I’m sharing Danny Westneat’s article in yesterday's Seattle Times not necessarily because I agree with his politics, but because it demonstrates the challenges faced by our legislators in Olympia and the political posturing we are experiencing. The article focuses on the Republican legislators verbal commitment to fund “Education First”, but when they gained control in the Senate last week they forgot this pledge and made cuts to both K-12 and higher education, something the Senate democrats did not do.  From the article:

"Our state constitution is clear: Education is the 'paramount duty,' " said state House Republicans when they released a plan calling for more school spending. To underscore it, they named their budget "Fund Education First."

. . . So what did the GOP do with its earthquake moment?

They slashed education!

I don’t agree with his choice of language that the Senate budget “slashed” education. It did include proposed cuts, but it is far from what was imagined just a few short months ago or what we experienced over the previous two years. Again, I don’t want to get into the budget itself, but more of the context we find ourselves in related to public education. When one party is on the outside of the power bubble it makes it easier to promote an initiative such as “Education First”. When then faced with the reality of controlling the budget process, it becomes a much more difficult task as witnessed by events over the last two weeks.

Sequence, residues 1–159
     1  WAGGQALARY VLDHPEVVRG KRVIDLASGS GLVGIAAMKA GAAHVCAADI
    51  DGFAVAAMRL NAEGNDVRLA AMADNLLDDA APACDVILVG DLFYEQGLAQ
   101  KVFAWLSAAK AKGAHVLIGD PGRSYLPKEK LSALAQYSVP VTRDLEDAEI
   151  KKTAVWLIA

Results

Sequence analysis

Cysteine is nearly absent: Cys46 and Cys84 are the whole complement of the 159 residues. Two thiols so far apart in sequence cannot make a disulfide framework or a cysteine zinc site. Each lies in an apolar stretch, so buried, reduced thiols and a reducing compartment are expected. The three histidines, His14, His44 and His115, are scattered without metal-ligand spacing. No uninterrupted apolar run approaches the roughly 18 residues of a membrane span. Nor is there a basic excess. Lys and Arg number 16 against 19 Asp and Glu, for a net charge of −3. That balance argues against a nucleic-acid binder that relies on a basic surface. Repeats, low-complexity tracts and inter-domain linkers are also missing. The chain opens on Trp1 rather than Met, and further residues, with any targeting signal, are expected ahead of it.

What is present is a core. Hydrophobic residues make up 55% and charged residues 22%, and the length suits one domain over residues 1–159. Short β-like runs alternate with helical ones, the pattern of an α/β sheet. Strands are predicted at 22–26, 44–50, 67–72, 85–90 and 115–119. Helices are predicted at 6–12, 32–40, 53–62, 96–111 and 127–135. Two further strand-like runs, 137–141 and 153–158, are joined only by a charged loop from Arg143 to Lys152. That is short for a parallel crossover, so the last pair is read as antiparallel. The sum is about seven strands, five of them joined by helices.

Matching rhetoric with actions becomes more difficult and tests the commitment to the stated belief of “Education First”. In this small case, the decision was to not move current reality closer to the stated vision of “Education First”. That makes me question if it is a “shared” vision and the beliefs driving the vision? Is it driven by a belief that we must meet the intent of the constitution and recent court decision? Is it driven by a belief that young people need a stable learning environment? Is it driven by a need to gain political traction knowing that some cuts will be necessary and saying this allows one to stand above the prosed cuts? I suspect that all of these and more are behind the initiative and until all can agree on a shared set of beliefs moving current reality closer to that vision will not happen. Once again, the lack of a shared vision of what school is for and how best to realize that vision results in what we see in this article. We were led to believe that last year’s legislation was intended to accomplish this, but lack of revenue and behavior suggest it is not shared at the level necessary to move forward with one voice and commitment.